Conclusion: 3D is starting to show up everywhere. It’s not just for the movies anymore. 3D TVs with 3D Blu-Ray players and their 3D glasses can be found at almost any electronics store. 120 Hz computer monitors capable of 3D playback can be paired with more than a couple of manufacturers glasses and software to play 3D games. But 3D isn’t just for games and movies anymore. YouTube offers a 3D site now, and other major video sites will soon follow suit.
Conclusion: The ASUS ENGT430 is an interesting video card, as I pointed out in my original review article . The ENGT430 comes in at the low-end of the video card price segment for $79.99 at NewEgg. It also provides features such as DX11 and PhysX support. With DX11 bringing gaming and graphics back to a point where innovations in hardware have to keep up with software, this is a necessary feature on any new video card.
Conclusion: IMPORTANT: Although the rating and final score mentioned in this conclusion are made to be as objective as possible, please be advised that every author perceives these factors differently at various points in time. While we each do our best to ensure that all aspects of the product are considered, there are often times unforeseen market conditions and manufacturer changes which occur after publication that could render our rating obsolete.
Pros: DirectX-11 Compatible, 3D Vision / 3D Media Capable, Can Play Mainstream Games, Low Profile Video Card, Great Media Center GPU, Full-size HDMI 1.3 Output
Cons: Games have to be "dialed-down" to playable settings
Excerpt: During this review we will be looking at one of the most popular markets there might be for graphic cards and that is the Digital Media PC’s market. This market is were you might have your HTPC’s and average desktop PC located. These are the people that want to get the most out of their digital media such as online videos, DVD’s. Blu-ray movies and photo editing.
Pros: Quiet, Powerful for BLu-ray playback, Can do 3D playback, Built in audio for the loss less sound, Configurable to fit into narrower cases, Fermi chipset
Cons: Struggles with more challenging DX10 and DX11 games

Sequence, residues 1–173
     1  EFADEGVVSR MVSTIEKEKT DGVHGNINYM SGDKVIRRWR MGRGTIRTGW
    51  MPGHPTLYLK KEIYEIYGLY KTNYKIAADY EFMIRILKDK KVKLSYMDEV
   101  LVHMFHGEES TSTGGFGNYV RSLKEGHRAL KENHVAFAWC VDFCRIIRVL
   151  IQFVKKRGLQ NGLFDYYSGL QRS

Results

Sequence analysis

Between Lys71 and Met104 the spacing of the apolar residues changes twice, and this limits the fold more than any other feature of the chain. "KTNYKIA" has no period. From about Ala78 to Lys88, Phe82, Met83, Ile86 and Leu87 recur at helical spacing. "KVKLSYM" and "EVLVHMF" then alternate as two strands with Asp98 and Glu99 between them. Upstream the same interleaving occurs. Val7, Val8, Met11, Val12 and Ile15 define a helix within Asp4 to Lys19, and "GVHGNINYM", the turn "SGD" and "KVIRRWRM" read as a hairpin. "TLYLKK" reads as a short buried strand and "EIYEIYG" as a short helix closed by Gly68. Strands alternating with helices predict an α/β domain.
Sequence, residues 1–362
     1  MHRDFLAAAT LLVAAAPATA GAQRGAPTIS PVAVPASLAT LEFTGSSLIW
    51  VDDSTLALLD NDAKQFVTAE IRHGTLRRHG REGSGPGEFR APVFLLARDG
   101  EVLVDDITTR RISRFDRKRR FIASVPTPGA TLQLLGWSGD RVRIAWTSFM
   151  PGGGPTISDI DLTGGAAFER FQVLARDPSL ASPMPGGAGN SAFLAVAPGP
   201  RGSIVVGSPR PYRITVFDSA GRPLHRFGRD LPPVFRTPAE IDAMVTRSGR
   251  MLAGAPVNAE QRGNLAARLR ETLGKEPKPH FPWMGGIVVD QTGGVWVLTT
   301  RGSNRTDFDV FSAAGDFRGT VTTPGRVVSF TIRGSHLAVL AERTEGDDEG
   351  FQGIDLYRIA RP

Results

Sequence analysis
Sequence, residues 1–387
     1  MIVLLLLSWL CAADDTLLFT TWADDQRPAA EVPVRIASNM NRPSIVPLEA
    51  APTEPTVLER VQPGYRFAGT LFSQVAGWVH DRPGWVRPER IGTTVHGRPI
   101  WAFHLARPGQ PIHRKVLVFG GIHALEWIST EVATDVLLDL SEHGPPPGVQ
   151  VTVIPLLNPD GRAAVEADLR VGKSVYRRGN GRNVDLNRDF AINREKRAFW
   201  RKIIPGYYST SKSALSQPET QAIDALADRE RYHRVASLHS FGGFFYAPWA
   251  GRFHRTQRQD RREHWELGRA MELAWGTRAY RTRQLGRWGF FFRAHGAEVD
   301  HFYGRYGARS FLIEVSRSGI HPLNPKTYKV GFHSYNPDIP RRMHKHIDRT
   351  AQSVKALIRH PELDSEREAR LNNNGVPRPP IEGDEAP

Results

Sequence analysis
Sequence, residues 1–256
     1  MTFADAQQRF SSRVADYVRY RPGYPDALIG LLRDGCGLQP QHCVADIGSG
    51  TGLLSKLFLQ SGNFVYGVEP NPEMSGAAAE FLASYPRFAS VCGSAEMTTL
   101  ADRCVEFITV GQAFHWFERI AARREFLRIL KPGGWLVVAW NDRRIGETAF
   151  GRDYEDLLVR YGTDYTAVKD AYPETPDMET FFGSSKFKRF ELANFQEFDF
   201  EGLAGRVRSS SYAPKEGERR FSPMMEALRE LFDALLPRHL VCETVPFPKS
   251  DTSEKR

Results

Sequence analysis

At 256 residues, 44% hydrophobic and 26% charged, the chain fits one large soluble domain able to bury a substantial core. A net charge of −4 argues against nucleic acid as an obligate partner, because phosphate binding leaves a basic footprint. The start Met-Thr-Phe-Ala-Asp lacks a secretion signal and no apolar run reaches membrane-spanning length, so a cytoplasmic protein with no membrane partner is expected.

Conclusion: TBC. At HEXUS, we invite the companies whose products we test to comment on our articles. If any company representatives for the products reviewed choose to respond, we'll publish their commentary here verbatim.
Conclusion: With an MSRP of around $79, the ASUS ENGT430 will be a welcome upgrade to many PCs utilizing on-board graphics chipsets. And while this card will be available in the retail and e-tail realms, over 90% of the GT430 line will be sold to system integrators.
ASUS ENGT430 GeForce GT 430 1GB DDR3 Video Card Review
11 October 2010
Excerpt: NVIDIA has been slowly trickling out GeForce 400 series graphics cards since April 2010 when the company first launched the GeForce GTX 480. Today, NVIDIA is releasing another new DX11 graphics card, but this time around it is an entry level card with an MSRP of just $79.99. This is a very popular price point for video cards and one where NVIDIA has been lacking a DX11 offering for nearly eight months now as the ATI Radeon HD 5500 series has had no direct competition...
Excerpt: Asus' ENGT430 Geforce GT 430 graphics card is a very decent low profile DirectX 11 budget card for the money. Even while slightly handicapped by its slower onboard DDR3 memory, it still succeeded in matching and in some cases surpassing the ATI alternative in terms of performance.
Conclusion: The entry level market likely won't that exciting for the vast majority of people reading this article. However, we feel the GT 430 has become a serious contender by injected just the right amount of adrenalin into this somewhat stagnant price point. It really is a pleasant surprise. NVIDIA didn’t have to reinvent the wheel; they just needed to add some grease to make it turn a bit smoother and that’s exactly what the GT 430 has done.